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Mental health centre

Is it time for a mental health check-up?

By
WebMD Feature
Medically Reviewed by Dr Rob Hicks

When we're feeling physically unwell we take it easy, get some medicine or go and see the GP. What about our mental health? Do we look after it in the same way?

Mental health issues can often be brushed under the carpet and not confronted like physical health problems, as there's still some degree of stigma.

"If you're in good mental health, you can make the most of your potential, cope with life, play a full part in your family, workplace, community and among friends," says Dr Antonis Kousoulis from the Mental Health Foundation.

"Some people call mental health 'emotional health' or 'wellbeing' and it's just as important as good physical health. Your mental health doesn't always stay the same. It can change as circumstances change and as you move through different stages of your life," he adds.

A common problem

It's estimated that 1 in 4 people in the UK experience a mental health issue every year.

Depression, anxiety, or both, are the most common forms of mental illness. "Despite this, mental health is still a taboo topic and often people feel unable to talk about their thoughts and feelings," says Stephen Buckley from the mental health charity MIND.

There may be a trigger for an issue such as bereavement, divorce or job loss but it may just come on gradually for no discernible reason.

Preventative steps

There are certain things you can do to protect your mental wellbeing. They include making time for relaxation, exercise, eating well, having connections with people and talking about how you are feeling.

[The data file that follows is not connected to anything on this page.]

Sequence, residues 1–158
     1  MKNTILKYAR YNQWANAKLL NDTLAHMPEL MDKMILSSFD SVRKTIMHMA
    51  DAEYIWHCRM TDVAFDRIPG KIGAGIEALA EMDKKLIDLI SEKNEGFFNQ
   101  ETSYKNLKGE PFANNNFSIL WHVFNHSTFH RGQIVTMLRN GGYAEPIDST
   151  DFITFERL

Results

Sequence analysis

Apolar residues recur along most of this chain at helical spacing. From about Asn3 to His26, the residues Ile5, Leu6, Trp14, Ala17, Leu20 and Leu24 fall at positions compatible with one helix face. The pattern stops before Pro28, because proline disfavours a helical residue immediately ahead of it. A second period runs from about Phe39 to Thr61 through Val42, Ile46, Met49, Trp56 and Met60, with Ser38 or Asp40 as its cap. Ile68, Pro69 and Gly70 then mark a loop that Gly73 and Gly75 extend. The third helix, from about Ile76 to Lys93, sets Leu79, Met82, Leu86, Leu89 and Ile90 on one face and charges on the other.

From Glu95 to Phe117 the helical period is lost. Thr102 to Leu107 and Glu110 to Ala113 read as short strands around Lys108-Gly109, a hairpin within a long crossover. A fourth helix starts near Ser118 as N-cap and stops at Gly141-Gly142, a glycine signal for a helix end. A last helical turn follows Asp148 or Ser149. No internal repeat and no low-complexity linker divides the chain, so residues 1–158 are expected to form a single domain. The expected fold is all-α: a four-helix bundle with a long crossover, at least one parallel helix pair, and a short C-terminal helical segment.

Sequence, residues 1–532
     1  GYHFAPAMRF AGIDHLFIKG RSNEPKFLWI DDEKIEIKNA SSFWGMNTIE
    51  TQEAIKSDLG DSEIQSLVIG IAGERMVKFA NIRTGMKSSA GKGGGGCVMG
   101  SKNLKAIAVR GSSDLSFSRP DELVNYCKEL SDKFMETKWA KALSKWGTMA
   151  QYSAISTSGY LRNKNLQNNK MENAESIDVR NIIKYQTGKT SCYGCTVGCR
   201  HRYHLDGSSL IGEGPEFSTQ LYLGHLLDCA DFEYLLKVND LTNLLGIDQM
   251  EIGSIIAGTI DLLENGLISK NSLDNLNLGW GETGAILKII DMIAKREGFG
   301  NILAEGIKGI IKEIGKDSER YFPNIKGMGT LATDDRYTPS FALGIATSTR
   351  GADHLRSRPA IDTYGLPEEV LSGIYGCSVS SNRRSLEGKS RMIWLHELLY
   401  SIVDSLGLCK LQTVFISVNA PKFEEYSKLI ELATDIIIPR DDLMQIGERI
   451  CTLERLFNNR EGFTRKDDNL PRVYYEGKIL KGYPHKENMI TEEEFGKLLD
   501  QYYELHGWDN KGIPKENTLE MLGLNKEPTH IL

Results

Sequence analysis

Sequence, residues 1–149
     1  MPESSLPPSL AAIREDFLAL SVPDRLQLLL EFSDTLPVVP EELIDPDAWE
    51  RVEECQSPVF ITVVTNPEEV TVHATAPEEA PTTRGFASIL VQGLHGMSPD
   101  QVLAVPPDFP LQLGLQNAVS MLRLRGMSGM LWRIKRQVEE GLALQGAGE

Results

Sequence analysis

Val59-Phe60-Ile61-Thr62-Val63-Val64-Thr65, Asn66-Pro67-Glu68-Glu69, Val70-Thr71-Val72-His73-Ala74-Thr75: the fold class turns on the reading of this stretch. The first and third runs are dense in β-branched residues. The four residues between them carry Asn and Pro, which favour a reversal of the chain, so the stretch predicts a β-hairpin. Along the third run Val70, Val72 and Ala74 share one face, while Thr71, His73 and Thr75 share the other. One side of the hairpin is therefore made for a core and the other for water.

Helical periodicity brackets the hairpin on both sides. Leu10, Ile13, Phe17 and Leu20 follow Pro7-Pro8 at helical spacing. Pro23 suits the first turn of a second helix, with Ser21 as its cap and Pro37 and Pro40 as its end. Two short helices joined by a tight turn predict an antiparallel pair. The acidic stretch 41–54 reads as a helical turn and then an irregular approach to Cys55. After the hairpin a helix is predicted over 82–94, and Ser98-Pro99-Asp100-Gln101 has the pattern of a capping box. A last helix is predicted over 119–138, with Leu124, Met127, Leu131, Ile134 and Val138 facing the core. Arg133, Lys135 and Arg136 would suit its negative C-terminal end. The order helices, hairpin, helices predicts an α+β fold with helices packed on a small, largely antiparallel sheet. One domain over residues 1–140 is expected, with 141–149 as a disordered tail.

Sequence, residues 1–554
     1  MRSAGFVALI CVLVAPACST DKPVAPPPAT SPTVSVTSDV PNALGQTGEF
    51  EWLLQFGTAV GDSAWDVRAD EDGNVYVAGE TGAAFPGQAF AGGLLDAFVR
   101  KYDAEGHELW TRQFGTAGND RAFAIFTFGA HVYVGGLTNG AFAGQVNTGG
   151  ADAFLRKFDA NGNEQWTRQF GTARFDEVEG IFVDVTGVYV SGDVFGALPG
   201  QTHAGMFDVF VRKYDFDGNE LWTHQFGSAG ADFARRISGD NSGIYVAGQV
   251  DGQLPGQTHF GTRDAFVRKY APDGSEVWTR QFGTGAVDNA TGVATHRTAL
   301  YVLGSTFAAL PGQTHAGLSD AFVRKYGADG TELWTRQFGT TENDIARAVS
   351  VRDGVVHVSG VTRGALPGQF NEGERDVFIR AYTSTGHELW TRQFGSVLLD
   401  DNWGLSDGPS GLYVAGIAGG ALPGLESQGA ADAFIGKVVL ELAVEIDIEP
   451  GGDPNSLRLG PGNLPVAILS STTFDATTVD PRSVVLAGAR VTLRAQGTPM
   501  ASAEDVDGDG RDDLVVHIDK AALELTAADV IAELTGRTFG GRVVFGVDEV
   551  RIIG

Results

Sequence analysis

Sarah Stewart-Brown, professor of public health at Warwick Medical School, says wellbeing is often not taken seriously enough.

"Our mental wellbeing directs the balance of the autonomic nervous system. This controls processes in our bodies like digestion, breathing, immunity and repair," she says. "People think wellbeing is a woolly concept when in fact it's fundamentally important to both our physical health and mental health."

She says: "We are brainwashed into thinking how we feel doesn't matter, but to be really healthy we need to get into a habit of relaxing, watching our thought processes and taking how we feel more seriously. There are quite simple steps that you can take to improve things, like making sure you factor in time to do things that give you pleasure and satisfaction, and making sure that you notice the things that are going well in your life as well as the problems."

Symptoms and signs

Signs that your mental health is under strain aren't the same for everyone. Most people have bad moods now and again, but if you've been feeling sad for weeks or even months that may be depression.

"Symptoms of mental health problems may vary from person to person, but there are some common signs to look out for," says Stephen. "For example, someone with depression might feel restless, low-spirited, numb or helpless, sleep too much or too little, not eat properly, withdraw from contact with friends or family, or even in some cases think about suicide."

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